How students learn
||Tell us||Find us|
Collaborative learning encompasses a whole host of learning approaches which use the group and team approach to student work. When the group work activities are carefully planned, we are aiming for cooperative learning, in which students work together to accomplish a common academic goal.
Effective collaborative learning will optimise peer learning, in which students learn from and teach each other.
Examples of collaborative learning activities are: group problem solving tasks; team writing assignments, with the aim of a group-authored document; and reciprocal teaching, in which students act as teachers to lead discussion, summarize material, ask questions, and clarify material. These can all be incredibly effective approaches in the classroom, and it should be remembered that teamwork is an important element in equipping students for success in industry ... but it needs to be carefully set up and prepared.
When planning collaborative learning activities, such as group carefully consider the goals of the activity, to make sure that there is sufficient depth for each group member to have meaningful input.
Try to shape the activity to allow for various group personalities (such as the creative contributers, finishers, etc) each to have the opportunity to shine. Note that you will need to work out how to fairly assign marks to the final product. The self and peer assessment strategy, in which students assess each others' contributions using a list of criteria, may help here, especially if the students have been involved in establishing the criteria used.
It's also important to remember that students need to be taught how to work together productively in groups - many of them don't find group work easy, and groups that are thrown together do not necessarily succeed. They must develop the skills to maintain a positive interdependence - in which each students depends on the others for success - along with individual accountability. Groups must be set , social skills, group processing, and appropriate grouping.
A number of collaborative teaching spaces have been set up throughout the UniSA campuses, in which the physical layouts and technical sharing functions have been especially created to optimise group work and collaborative learning. At the City East campus, there are two Collaborative Teaching Spaces: in the library, in room C4-08, and room C6-26. You can see an image of room C4-08 below.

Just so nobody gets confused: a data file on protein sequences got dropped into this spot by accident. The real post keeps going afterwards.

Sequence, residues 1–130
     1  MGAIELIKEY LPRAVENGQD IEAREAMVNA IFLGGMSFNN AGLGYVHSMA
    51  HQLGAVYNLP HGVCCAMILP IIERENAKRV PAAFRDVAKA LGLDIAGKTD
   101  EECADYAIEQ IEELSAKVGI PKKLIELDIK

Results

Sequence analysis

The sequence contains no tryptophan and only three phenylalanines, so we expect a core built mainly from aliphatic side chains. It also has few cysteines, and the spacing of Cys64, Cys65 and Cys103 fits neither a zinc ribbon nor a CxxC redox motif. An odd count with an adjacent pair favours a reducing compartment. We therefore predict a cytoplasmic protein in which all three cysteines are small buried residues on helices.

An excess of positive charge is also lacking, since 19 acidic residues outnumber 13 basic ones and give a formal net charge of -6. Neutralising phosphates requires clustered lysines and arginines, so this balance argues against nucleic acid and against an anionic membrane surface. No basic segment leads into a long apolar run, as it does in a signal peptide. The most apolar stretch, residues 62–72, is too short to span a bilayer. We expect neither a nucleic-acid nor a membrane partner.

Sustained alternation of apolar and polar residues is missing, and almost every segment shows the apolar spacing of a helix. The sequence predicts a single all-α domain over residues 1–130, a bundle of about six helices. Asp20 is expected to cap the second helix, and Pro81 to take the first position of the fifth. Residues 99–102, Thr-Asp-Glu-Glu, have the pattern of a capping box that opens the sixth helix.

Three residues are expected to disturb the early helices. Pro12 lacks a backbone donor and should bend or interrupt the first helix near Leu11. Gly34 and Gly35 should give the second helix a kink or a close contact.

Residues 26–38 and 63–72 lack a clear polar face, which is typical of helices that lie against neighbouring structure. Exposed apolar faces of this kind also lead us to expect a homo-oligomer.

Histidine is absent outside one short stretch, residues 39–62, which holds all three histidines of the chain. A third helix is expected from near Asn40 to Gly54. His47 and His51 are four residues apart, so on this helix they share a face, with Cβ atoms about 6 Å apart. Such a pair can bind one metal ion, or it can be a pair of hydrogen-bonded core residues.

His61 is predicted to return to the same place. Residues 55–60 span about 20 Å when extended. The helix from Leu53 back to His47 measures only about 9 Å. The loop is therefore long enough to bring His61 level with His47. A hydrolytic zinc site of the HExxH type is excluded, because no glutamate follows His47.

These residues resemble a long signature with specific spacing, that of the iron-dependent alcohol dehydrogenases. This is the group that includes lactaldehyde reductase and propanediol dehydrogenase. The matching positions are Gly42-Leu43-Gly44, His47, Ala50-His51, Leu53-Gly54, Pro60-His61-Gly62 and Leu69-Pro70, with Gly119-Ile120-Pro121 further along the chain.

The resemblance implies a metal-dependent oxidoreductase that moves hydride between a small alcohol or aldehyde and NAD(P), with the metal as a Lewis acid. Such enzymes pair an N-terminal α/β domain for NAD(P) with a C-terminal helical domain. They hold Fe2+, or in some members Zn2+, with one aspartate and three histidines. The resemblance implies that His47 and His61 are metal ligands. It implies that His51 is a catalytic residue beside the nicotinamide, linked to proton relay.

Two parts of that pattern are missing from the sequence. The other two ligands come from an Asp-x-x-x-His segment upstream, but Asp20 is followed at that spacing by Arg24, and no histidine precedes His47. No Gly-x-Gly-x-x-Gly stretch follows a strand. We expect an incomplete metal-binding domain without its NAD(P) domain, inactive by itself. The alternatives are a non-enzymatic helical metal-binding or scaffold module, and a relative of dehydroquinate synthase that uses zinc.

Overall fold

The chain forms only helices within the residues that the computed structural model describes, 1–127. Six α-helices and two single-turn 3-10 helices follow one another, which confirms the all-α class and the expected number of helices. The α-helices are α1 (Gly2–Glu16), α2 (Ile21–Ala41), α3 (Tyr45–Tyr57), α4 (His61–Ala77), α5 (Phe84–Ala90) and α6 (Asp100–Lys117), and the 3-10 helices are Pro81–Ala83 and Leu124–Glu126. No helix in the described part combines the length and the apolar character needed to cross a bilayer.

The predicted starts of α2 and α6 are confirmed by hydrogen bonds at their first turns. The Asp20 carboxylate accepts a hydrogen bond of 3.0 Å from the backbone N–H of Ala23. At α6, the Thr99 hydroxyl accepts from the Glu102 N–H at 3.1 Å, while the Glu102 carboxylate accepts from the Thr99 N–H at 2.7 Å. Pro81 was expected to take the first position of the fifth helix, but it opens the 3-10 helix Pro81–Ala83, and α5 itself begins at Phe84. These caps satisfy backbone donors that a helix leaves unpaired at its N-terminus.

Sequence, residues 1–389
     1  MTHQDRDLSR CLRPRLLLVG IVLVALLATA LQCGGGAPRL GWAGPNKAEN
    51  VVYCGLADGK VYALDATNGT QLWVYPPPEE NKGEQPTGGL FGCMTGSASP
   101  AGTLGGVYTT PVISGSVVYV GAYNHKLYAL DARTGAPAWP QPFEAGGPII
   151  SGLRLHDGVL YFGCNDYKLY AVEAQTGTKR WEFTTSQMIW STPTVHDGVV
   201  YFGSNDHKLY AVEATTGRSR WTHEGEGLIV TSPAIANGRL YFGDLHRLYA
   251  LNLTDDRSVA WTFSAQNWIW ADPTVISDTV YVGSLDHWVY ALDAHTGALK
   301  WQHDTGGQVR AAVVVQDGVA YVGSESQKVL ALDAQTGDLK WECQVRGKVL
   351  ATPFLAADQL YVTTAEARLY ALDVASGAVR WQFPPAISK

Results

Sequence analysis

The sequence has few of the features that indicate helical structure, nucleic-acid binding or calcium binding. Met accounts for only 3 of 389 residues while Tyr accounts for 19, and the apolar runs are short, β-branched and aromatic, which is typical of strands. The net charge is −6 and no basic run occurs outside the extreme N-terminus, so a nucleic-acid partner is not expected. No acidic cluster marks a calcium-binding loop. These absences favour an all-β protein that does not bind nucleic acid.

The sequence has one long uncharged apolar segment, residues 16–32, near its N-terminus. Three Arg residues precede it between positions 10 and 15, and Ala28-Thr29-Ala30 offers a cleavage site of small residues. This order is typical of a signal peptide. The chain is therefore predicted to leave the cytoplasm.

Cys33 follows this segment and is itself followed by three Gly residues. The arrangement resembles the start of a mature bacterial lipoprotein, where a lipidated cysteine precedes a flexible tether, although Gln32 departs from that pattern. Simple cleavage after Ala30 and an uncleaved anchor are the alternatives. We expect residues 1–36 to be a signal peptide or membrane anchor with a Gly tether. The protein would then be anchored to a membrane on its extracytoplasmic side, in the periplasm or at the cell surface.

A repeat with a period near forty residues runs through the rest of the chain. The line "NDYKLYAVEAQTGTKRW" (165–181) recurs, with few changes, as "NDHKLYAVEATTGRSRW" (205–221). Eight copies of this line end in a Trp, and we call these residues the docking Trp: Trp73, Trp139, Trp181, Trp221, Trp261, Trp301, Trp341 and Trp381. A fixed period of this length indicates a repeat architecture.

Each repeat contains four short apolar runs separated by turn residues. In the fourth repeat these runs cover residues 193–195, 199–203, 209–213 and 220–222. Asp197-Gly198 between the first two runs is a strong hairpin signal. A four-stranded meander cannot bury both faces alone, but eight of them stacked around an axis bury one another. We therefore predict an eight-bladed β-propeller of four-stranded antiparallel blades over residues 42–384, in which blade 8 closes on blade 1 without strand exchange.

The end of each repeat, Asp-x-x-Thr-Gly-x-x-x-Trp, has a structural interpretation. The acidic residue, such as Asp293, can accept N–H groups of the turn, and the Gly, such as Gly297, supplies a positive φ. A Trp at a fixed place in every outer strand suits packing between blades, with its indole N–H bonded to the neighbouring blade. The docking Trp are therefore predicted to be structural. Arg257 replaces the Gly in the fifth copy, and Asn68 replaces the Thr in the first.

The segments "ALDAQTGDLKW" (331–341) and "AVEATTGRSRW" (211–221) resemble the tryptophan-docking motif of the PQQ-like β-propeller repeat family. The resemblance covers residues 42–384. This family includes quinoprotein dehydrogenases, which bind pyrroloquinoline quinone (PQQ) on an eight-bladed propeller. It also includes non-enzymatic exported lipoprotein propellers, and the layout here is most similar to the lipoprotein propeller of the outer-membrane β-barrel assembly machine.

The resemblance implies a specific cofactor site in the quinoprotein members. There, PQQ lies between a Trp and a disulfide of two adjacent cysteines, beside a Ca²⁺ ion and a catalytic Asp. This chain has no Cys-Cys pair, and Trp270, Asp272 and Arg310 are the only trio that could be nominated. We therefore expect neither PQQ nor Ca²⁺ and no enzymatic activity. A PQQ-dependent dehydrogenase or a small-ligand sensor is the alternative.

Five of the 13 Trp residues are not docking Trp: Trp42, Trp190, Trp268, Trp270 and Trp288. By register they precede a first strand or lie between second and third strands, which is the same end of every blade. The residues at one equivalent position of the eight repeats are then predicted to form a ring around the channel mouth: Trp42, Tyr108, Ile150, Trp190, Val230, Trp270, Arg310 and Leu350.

Putting it into practice: Examples of successful collaborative learning in Health Sciences
Collaborative learning in the health sciences can be used in the context of student placement. Groups can be arranged for students to come together to reflect on, and find possible solutions to, any issues that arise on their placement.
The teacher should act as a facilitator if only to encourage all students to find their voice and ensure that the potential solutions that arise are acceptable solutions for the problems faced. Students should collectively problem-solve, drawing on their own experiences, learning and understanding to create better outcomes.
(Adapted from: Myron, R, French, C, Sullivan, P, Sathyamoorthy, G, Barlow, J & Pomeroy, L 2018, 'Professionals learning together with patients: An exploratory study of a collaborative learning Fellowship programme for healthcare improvement', Journal of Inter-professional Care, vol. 32, no. 3, pp. 257-265.)
Another example of cooperative learning is adopting a team approach to learning a particular concept. The concept could be broken down in to sections whereby each member of the team needs to learn and become the ‘expert’ of a particular section.
The ‘expert’, once mastering the content, needs to identify an effective way to engage and instruct the group, so they too can become ‘experts’. This strategy requires the student to teach others, an active learning strategy that achieves higher information retention rates than more passive learning strategies.
(Adapted from: Cinelli, B, Symons, C, Bechtel, L & Rosecolley, M 1994, 'Applying cooperative learning in health-education practice’, Journal Of School Health, vol. 64, no. 3, pp. 99-102.)
Tolsgaard, MG 2016, 'Collaborative learning of clinical skills in health professions education: the why, how, when and for whom' Medical Education vol. 50(1), pp. 69-78.